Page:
In 2010, if someone told me that I’d be on an off-road track in a badass new Jeep with the intoxicating smell of new car just a few hundred feet from the East River, it probably would have elicited a confident look of sarcasm. Yet last weekend at Catalpa NYC on Randall’s Island, I found myself in just that situation.
Thanks in large part to the sponsorship of Jeep, July 28 and July 29 hosted a collection of well-known as well as up and coming artists on Randall’s Island as part of this year’s Catalpa Music Festival. Blessed with a press pass for this event, NY Social Status was on the front lines for a few of these awesome shows.
Though Saturday’s events were a tad damper than expected, Sunday’s weather provided for an amazing New York summer day, and despite the brief shower during performances by The Dirty Heads and Cold War Kids, Sunday served to round out an incredible musical celebration.
Underestimating the walking time from 103rd and Lex to Ichan Stadium on the island unfortunately caused me to miss The Airplane Boys’ performance, but I was able to catch The Big Pink who provided an impressive exhibition of electronic sounds and energy. Coolest thing about The Big Pink? Their drummer is a chick, who now has my ultimate respect.
Between shows, Catalpa organizers and sponsors made sure that none of their attendees could complain of boredom or hunger. Food tents and vendor trucks lined the perimeter of the festival offering everything from vegetarian quesadillas to Jamaican grub to custom made ice cream sandwiches. Absolut vodka’s Art Bar tent commanded the center of the field, and Heineken, accessible in every corner, was in no short supply. Catalpa featured a sampling of craft beer as well.
Hand in hand with plentiful alcohol and cutting edge music, no festival goes down without a scattering of creative, entertaining activities serving the dual purpose of killing time between sets and marketing new, popular products. As a stage sponsor, Jeep wins the prize for coolest activity with an off-road obstacle course in the 2012 Jeep Wrangler Altitude featuring an out-of-vehicle competition involving sliding, slalom and timed gear loading. Aside from the main attraction, other promotional events included the Church of Rock confessional booths for got2b, quickie marriages at the Church of Sham and a Silent Disco during which attendees rocked out with their headphones out.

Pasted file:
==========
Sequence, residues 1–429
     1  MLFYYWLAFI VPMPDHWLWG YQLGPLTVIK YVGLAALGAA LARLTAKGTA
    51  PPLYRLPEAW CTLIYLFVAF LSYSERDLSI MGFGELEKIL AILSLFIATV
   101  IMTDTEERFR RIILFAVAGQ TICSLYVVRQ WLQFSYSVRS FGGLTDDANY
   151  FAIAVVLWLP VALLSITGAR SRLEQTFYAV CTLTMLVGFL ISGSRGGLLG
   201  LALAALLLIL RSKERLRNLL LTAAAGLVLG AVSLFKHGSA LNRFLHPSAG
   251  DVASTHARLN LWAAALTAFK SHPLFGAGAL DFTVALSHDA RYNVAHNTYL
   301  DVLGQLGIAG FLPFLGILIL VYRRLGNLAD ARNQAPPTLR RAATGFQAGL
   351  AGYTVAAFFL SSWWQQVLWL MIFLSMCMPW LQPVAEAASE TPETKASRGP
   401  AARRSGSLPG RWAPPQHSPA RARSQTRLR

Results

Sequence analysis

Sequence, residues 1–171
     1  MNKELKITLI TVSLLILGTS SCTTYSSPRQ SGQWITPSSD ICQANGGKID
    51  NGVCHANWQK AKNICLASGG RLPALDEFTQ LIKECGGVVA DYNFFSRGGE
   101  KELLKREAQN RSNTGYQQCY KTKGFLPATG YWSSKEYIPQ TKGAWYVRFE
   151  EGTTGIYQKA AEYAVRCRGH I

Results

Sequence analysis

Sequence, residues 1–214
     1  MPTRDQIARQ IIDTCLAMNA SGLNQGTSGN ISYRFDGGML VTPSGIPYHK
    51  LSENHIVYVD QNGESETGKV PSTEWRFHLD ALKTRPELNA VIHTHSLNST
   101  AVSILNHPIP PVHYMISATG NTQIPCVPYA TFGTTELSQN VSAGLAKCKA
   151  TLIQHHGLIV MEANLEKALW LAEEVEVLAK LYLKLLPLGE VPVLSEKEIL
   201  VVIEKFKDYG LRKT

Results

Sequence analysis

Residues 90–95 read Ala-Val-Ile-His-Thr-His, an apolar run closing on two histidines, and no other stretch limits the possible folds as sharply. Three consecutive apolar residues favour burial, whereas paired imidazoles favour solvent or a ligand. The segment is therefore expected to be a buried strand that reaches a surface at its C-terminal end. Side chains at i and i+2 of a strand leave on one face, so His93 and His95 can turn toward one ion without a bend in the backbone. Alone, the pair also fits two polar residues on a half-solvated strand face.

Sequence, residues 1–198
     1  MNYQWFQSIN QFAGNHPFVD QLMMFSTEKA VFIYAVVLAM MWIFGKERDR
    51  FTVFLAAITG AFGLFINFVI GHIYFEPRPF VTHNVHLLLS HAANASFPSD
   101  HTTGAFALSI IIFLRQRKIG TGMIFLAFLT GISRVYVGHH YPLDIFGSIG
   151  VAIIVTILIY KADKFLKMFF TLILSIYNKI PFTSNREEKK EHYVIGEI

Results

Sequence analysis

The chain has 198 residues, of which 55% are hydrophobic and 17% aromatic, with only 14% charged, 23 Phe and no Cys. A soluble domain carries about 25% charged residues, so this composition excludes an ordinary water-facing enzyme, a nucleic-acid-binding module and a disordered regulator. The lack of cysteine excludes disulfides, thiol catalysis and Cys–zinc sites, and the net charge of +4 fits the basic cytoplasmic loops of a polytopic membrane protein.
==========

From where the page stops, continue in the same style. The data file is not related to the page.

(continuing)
As for Sunday’s musical lineup, I was not disappointed. In addition to The Big Pink, I spent most of my time alternating between the Jeep and Catalpa stages to catch a great collection of artists, one of which was City and Colour. After hearing their newest album, Little Hell, I expected a good show from the guys, but I have to say I was blown away with their performance. Both from the photo pit and the middle of the field, I was impressed with their musicianship and collective sound.
The Dirty Heads left me with something to write home about as well. Surprised by their catchy blend of reggae and hip-hop, I found myself reminiscing about another band some like to call Sublime and moving to their grooves with no effort. When the rain made its appearance mid-show, I retreated to the media tent to protect my camera and was fortunate enough to catch the sounds from the Catalpa stage, where Cold War Kids and their fans were braving the weather. Though I can’t comment on visual effects, I found their music, which was new to me, to be quite pleasing and appealing.
Nothing quite puts a cherry on a Sunday like a Matisyahu show except being a foot from the stage during said show. As he casually strolled onto the stage like a cool kid walking into a party, camera flashes signaled his arrival. After posing momentarily for a few shots, he wasted no time getting into his show, which was high energy from the first moment. Matisyahu oozed stage presence and dance the length of the floor as though no one was watching. But we were.
For lucky festival goers who saw Snoop Dogg, word of mouth is that his show was just as dynamic, despite less than favorable reviews of the event as a whole. From small complaints like low water supply and attendance to rather significant issues, like the fact that the entire Arcadia stage was missing in action, Catalpa Music Festival definitely has a list of possible improvements for next year’s event, but as a festival pilot, Catalpa passes our inspection.